One pipeline would be built to send Colorado River water from Lake Powell on the Arizona-Utah border to the reservation.
During the special session Hope Macdonald Lonetree, Council Delegate from Tuba City, raised concerns on the council floor regarding the document as being flawed & different than what was presented to the Navajo Nation committees. Specifically, exhibit A was not located in the agreement and the issue of the agreement being distributed to delegates moments before the meeting. She motioned for the agenda item to be stricken from the agenda but failed to gain votes.
Delegate Amos Johnson motioned to table the legislation and to give one week for council delegates to take the agreement back to their communities for review. 49 voted in support, 32 against with 7 not voting.
“It is appropriate for the Navajo Nation to consider Hogan level family’s water rights and they have an obligation to do that, to take it to the communities for their input which has not been the case,” stated Milton Bluehouse Sr. former Navajo Nation President. “The more informed the people are the better the decision will be made, with respect to their rights.”
Hope Macdonald Lonetree asked, "Why would we waive our rights to the water for just a promise of federal funding, when we know historically the appropriations have not come to Navajo?"
“Why was there no deliberate and detailed consultation with the affected Dine' communities?” said R Begay a concerned Dine'. “Why has this process been so secret? What does Stanley Pollack have to hide? This is an extension of colonialism and genocide against our people. We will stand against this oppression.”
“The most important thing to show our leaders is that we are watching them, we are making sure that they are accountable to their communities and what we hold sacred as Dine’ people,” stated Kim Smith, resident of St. Michaels. “Water is an essential part of our way of life, our ceremonies, our livestock and most importantly, it’s our future. We are calling on all Dine’ people who value their future, their sacred water to join us when the council goes back into session and let them know we want them to VOTE NO!”
Concerned citizens for Dine’ Water Rights along with organizations such as Dine’ Care, To’ Nizhoni Ani’, Black Mesa Water Coalition, Council Advocating an Indigenous Manifesto, ECHOES, and others are calling for another rally and march at the next council session.
The date and time have not yet been set. Visit www.dinewaterrights.org for further details.
“This movement to oppose the Arizona Water Settlement is about our children, and we will not waive their water rights, not now not ever,” Stated Ron Milford, a concerned citizen with Dine’ Water Rights.
“Only one percent of the water in this world is water we can consume,” stated Daniel Tulley a Dine’ student from Phoenix who made the trip with a caravan of ASU students to Window Rock to voice his concerns. “Worldwide water shortages are facing us, we need to protect what we have here, because it is sacred and we need to protect it for future generations.”
Note to editors: High Resolution Pictures Available at www.dinewaterrights.org
Arizona Snowbowl has been cleared to add a conveyor-belt-type device to carry beginning skiers uphill, and to log a new ski trail.
Coconino National Forest District Ranger Mike Elson signed off on the plans Sept. 24.
Arizona Snowbowl plans to add the 150-foot-long conveyor belt this fall and regrade a 1.5-acre area due north of its lower lodge with bulldozers to create a flatter teaching area.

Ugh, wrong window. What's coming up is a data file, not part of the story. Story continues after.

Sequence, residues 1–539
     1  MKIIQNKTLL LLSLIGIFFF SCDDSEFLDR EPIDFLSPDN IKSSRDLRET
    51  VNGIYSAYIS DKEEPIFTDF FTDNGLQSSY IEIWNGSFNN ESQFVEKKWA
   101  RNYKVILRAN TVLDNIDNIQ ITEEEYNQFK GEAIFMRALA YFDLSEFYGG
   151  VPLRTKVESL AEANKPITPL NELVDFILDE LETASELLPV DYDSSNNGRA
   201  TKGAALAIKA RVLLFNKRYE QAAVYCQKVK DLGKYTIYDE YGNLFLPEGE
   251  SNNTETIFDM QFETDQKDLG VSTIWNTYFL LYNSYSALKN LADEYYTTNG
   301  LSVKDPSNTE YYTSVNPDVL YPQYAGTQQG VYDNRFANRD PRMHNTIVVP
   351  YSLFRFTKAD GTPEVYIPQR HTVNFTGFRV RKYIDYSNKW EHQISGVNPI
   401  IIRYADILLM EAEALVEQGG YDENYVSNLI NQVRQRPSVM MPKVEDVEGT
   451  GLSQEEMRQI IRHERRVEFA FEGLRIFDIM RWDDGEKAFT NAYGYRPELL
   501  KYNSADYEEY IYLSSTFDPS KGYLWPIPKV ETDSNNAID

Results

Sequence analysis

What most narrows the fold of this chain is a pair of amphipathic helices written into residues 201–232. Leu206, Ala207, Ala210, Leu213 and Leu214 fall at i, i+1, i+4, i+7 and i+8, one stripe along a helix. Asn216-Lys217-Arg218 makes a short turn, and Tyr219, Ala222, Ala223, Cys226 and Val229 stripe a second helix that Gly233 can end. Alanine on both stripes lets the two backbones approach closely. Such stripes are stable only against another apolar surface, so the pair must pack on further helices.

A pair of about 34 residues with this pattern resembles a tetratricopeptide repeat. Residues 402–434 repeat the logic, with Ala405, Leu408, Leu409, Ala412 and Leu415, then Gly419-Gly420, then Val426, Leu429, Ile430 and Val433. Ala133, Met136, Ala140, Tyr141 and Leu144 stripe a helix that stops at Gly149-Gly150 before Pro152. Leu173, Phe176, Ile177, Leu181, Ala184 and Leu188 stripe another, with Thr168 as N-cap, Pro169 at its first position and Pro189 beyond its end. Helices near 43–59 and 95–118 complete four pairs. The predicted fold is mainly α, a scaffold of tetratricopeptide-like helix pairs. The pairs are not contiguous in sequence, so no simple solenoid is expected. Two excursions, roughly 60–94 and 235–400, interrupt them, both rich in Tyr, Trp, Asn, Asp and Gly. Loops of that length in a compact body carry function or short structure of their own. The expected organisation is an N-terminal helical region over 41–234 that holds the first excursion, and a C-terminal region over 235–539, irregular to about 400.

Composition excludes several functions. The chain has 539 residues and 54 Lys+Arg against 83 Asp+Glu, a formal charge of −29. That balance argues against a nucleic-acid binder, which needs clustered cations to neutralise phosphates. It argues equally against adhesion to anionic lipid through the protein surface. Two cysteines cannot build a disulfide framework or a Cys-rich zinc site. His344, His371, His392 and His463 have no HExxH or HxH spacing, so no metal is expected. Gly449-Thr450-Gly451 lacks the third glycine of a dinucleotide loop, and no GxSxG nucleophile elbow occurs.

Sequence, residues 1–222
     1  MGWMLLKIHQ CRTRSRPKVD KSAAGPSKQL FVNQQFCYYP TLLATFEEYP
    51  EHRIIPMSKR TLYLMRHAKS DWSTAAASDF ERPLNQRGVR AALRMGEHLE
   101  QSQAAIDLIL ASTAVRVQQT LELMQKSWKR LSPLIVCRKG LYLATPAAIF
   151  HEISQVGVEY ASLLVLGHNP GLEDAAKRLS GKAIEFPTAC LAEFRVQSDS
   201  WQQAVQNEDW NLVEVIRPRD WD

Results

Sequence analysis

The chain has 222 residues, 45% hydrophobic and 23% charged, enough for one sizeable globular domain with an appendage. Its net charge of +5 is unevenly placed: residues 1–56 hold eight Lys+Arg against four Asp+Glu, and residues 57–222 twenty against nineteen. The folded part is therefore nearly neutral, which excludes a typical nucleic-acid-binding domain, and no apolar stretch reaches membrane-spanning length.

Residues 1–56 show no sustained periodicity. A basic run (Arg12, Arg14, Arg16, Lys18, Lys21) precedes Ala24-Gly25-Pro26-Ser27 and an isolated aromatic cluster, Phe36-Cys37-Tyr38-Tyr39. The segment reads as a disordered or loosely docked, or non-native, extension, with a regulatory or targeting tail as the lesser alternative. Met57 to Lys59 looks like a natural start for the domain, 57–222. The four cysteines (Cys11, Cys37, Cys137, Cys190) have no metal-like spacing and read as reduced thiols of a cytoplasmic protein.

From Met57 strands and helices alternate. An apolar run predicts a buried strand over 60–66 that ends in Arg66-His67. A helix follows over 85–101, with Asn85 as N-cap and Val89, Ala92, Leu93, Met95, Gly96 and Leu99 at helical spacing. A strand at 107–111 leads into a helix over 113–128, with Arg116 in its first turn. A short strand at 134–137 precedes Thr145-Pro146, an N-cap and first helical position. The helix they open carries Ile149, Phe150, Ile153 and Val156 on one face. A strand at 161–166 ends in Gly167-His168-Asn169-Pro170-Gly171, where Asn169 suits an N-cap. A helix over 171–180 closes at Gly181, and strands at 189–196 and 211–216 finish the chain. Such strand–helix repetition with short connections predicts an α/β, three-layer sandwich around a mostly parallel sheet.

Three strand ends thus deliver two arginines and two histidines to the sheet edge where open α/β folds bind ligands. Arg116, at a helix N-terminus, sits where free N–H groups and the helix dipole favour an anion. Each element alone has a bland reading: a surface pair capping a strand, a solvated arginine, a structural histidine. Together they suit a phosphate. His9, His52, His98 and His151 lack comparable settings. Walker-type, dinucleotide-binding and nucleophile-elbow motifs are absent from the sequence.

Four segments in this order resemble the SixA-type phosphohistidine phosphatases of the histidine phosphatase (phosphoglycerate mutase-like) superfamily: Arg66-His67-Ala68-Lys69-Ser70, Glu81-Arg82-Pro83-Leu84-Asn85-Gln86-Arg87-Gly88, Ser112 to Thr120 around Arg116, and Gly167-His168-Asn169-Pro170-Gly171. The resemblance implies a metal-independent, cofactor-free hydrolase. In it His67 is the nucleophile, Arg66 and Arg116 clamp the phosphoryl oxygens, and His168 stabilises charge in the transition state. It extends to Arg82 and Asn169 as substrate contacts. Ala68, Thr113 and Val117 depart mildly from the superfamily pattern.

The owners plan to use the conveyor belt to save beginning skiers a walk uphill during lessons. They also plan to widen a lift line at the Spur Catwalk.
Whether logging is feasible this year is less certain, given the late start to the project and the onset of winter weather in two months or less.
Despite the imminent start of construction, Snowbowl's owners remain in court with a second lawsuit. They are fighting a handful of local plaintiffs who assert that using reclaimed water to make snow might not be safe for skiers or the environment.
As part of that case, both sides have agreed that no snowmaking-related construction would begin until after a ruling in federal district court in Phoenix. That is expected to happen in late October, said attorney for the plaintiffs Howard Shanker.
Shanker has vowed to appeal any decision not in his favor to the 9th U.S..
Eric Borowsky, a Snowbowl part-owner, said that if he wins at the district court level this fall, he would start construction as soon as possible in order to make artificial snow in the winter of 2011-12.
"We're hopeful that the judge will rule in our favor," Borowsky said. "And if she does, we'll probably start construction. If it happens to be a dry winter, we would start construction on the (water) pipeline from Highway 180 back to Thorpe Park almost immediately."
Borowsky's attorneys are seeking to have the case thrown out on the grounds that some of the plaintiffs are obstructing any possible resolution by opposing either reclaimed or drinking water to make snow -- a position some of them openly acknowledged at the outset.
The plaintiffs suing the U.S. Forest Service since 2009 in this lawsuit are the Save the Peaks Coalition, Kristin Huisinga, Clayson Benally, Sylvan Grey, Don Fanning, Jeneda Benally, Frederica Hall, Berta Benally, Rachel Tso and Lisa Tso.
Tribes suing the federal government to prevent snowmaking lost their argument that allowing more development would infringe on their religious freedoms in June 2009, when the U.S. Supreme Court declined to hear their case, leaving in place a 9th Circuit ruling that allowed snowmaking.
Cyndy Cole can be reached at 913-8607 or at firstname.lastname@example.org.
Posted in Local on Friday, October 1, 2010 5:10 am Updated: 11:25 pm. | Tags: